Polio, or poliomyelitis, is an infectious viral disease which mainly affects young children. The condition upsets a person’s nervous system and can cause paralysis. Thanks to the polio vaccine, dedicated healthcare professionals, and parents who vaccinate their children on schedule, polio has been eradicated from this country for more than 30 years.

Oral poliovirus vaccine (OPV) that is administered orally can be given by volunteers and does not require trained health workers or sterile injection equipment. A new research published in The Lancet reveals that giving an extra dose of inactivated poliovirus vaccine (IPV) to all children under the age of 5 could help to speed up eradication efforts.

Funded by Bill & Melinda Gates Foundation, the study highlights that although OPV is highly effective, easy to administer, and relatively inexpensive, its ability to generate a strong intestinal immunity to infection wanes with time, thus permitting the transmission of infection by immunized children. At the same time, inactivated poliovirus vaccine (IPV) does not induce an intestinal mucosal immune response, but could boost protection in children who are mucosally primed through previous exposure to OPV.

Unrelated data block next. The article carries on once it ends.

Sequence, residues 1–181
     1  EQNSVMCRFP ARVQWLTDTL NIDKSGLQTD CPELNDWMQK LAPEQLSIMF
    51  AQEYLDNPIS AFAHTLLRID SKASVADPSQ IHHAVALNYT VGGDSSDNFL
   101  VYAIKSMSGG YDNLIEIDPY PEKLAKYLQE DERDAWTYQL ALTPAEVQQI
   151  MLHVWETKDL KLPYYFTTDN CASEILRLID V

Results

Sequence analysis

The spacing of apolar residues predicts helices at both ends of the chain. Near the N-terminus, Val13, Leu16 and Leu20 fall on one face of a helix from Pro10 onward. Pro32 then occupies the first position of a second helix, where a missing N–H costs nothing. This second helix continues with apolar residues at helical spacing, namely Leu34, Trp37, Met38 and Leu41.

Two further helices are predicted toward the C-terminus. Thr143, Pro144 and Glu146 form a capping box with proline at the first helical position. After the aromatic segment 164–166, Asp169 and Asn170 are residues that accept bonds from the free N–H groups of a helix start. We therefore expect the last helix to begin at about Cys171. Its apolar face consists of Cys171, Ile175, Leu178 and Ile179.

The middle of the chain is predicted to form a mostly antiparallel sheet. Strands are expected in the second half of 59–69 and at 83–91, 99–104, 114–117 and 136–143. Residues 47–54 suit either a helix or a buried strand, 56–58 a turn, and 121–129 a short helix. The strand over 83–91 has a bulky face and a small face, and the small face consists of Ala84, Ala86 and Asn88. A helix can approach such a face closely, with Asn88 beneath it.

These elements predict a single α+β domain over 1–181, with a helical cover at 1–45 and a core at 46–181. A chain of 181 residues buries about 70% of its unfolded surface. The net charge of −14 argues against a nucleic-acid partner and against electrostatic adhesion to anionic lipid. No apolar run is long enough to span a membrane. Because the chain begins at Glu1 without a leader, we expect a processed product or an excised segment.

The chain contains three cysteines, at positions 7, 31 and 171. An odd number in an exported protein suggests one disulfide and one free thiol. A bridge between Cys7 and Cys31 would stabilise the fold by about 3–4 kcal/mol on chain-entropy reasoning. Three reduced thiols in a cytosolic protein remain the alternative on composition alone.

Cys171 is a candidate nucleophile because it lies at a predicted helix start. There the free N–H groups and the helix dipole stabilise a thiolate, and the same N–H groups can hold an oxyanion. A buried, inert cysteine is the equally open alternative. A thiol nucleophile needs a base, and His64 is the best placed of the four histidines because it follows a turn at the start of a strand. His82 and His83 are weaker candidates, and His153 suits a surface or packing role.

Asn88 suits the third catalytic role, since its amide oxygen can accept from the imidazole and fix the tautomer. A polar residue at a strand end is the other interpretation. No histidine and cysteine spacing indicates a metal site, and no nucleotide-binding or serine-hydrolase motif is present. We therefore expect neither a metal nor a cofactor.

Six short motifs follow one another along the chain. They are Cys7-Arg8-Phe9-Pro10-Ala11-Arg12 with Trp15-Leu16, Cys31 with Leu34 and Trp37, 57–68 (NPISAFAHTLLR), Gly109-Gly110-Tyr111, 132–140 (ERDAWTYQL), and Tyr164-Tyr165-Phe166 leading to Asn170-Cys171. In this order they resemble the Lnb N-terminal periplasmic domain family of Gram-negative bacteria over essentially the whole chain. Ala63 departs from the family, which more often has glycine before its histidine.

For the study purpose, an open-label, randomized controlled trial was done in children aged 1-4 years, who were healthy. They had not received IPV before and had had their last dose of OPV at least 6 months before enrolment. 450 children were enrolled and randomly assigned into study groups. 225 children received IPV and 225 no vaccine.

It was found that the additional IPV dose substantially boosted levels of protective antibodies in the blood and intestinal immunity against poliovirus compared with no vaccine. One week after challenge with OPV, 43 (19%) and 57 (26%) children given no vaccine shed serotype 1 or 3 poliovirus compared with 27 (12%) and 17 (8%) of those receiving IPV. Among children in the no vaccine group, the first dose of bivalent OPV did not reduce poliovirus shedding following a second challenge dose of this vaccine.

According to the senior author of the study, “The substantial benefit of using IPV rather than further doses of OPV to boost intestinal immunity in children within the typical age range for mass vaccination supports its use as part of the global eradication program”.

Though U.S is free from poliovirus, it is still a threat in some countries. It is crucial to get each child vaccinated on schedule. IPV is given as a series of four shots, at 2 months, 4 months, 6 to 18 months, and again at 4 to 6 years of age. Most health insurance plans cover the cost of vaccines. The vaccine is billed under CPT code 90713 – Poliovirus vaccine (IPV), inactivated, for subcutaneous or intramuscular use.